Boeing has a 737 MAX completion plant in Zhoushan to install interiors and paint airplane liveries.
The 737 MAX test plane had left Seattle last week and arrived in Shanghai on August 7 after refuelling stops in Honolulu and Guam. Reuters reported last week that it was due for its first test flight in China on August 11 if all went well.
Boeing said that it is continuing to work with global regulators as they complete their validation processes on the model and declined to comment specifically on the test flight in China.
After flight testing, China's regulator is expected to issue an aircraft evaluation report and put it out for comment before pilot training could begin, a source with knowledge of the matter told Reuters on condition of anonymity.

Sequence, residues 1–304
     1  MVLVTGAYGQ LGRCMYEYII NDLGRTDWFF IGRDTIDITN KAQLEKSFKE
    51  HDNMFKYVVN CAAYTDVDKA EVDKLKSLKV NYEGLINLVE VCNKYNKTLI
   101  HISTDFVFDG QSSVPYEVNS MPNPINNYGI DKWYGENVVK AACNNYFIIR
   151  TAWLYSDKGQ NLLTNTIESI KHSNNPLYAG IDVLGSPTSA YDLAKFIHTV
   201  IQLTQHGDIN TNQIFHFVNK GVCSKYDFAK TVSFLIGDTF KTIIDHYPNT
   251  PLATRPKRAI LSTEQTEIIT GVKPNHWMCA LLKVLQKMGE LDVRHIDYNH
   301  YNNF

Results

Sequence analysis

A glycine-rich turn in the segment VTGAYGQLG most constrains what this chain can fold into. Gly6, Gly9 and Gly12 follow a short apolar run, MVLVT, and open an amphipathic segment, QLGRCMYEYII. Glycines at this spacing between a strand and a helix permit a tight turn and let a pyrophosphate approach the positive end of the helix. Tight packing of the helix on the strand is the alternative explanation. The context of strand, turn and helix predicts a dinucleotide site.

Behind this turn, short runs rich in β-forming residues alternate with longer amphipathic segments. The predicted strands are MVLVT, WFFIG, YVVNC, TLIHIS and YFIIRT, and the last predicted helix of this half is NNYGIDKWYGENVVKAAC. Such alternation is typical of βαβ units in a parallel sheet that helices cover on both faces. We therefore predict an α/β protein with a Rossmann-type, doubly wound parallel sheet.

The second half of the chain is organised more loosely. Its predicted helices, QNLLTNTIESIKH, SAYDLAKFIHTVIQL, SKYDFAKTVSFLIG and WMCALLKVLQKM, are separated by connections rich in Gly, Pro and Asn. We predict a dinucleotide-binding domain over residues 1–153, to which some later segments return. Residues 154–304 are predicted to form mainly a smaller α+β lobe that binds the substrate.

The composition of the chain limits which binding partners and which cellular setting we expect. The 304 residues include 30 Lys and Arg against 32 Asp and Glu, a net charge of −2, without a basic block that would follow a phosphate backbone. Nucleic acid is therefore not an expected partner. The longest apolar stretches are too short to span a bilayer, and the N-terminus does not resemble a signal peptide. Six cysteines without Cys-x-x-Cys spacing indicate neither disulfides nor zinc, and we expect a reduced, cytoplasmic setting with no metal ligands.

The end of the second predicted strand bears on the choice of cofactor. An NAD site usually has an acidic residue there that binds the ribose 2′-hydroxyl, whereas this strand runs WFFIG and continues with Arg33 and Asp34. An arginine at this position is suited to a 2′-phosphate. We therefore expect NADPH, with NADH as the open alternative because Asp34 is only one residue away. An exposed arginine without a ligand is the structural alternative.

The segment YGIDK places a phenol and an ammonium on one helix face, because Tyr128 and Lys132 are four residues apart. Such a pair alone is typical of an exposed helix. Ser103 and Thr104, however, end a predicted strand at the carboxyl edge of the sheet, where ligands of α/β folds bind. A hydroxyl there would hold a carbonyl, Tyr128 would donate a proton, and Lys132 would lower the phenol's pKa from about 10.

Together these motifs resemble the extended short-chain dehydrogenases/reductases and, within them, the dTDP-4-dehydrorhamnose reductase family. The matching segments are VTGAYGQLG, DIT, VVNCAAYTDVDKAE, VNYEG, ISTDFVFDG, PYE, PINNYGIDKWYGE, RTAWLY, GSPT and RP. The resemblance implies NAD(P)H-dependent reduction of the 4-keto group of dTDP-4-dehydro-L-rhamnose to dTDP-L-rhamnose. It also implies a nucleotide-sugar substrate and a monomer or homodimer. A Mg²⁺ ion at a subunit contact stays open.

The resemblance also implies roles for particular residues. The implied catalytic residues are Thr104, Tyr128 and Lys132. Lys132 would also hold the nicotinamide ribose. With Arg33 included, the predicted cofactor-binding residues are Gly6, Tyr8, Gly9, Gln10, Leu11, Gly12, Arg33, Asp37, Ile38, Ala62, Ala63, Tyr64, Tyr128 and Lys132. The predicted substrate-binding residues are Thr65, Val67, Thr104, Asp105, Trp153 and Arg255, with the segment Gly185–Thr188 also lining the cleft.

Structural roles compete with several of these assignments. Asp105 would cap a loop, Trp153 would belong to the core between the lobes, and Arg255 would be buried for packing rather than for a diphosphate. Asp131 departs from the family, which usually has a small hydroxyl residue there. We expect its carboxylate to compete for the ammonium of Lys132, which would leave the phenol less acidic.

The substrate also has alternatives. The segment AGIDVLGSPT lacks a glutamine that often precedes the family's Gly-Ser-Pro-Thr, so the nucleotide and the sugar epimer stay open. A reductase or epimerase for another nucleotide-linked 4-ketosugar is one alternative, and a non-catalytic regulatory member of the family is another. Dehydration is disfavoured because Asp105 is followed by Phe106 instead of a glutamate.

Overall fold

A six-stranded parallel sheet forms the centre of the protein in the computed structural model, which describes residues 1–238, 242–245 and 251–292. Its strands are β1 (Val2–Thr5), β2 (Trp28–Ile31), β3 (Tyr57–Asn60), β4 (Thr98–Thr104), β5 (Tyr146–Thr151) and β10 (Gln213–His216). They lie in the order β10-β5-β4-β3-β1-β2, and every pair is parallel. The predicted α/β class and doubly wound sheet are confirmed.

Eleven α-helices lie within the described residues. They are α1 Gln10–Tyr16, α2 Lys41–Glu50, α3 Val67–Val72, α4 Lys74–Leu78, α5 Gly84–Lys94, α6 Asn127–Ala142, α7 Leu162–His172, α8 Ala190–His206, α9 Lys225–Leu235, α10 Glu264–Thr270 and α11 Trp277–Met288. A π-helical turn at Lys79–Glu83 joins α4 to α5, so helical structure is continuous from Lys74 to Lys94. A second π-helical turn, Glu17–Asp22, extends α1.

Approximately 30 airlines and 175 countries have allowed the 737 MAX to return to service following a nearly two-year safety ban after crashes five months apart killed 346 people, plunging Boeing into a financial crisis since compounded by the COVID-19 pandemic.
Boeing's 737 MAX remains grounded in China, where trade tensions between Washington and Beijing have cut off sales for years, although Boeing chief executive Dave Calhoun said last month that he still expected the 737 MAX to win approval before year-end.
China's aviation regulator previously issued three requirements for the 737 MAX's return to service: certified design changes, sufficient pilot training, and definitive findings from the crash investigations.
Before the 737 MAX was grounded in March 2019, Boeing was selling one quarter of the planes it built annually to Chinese buyers. For years, simmering tensions between Washington and Beijing have caused uncertainty.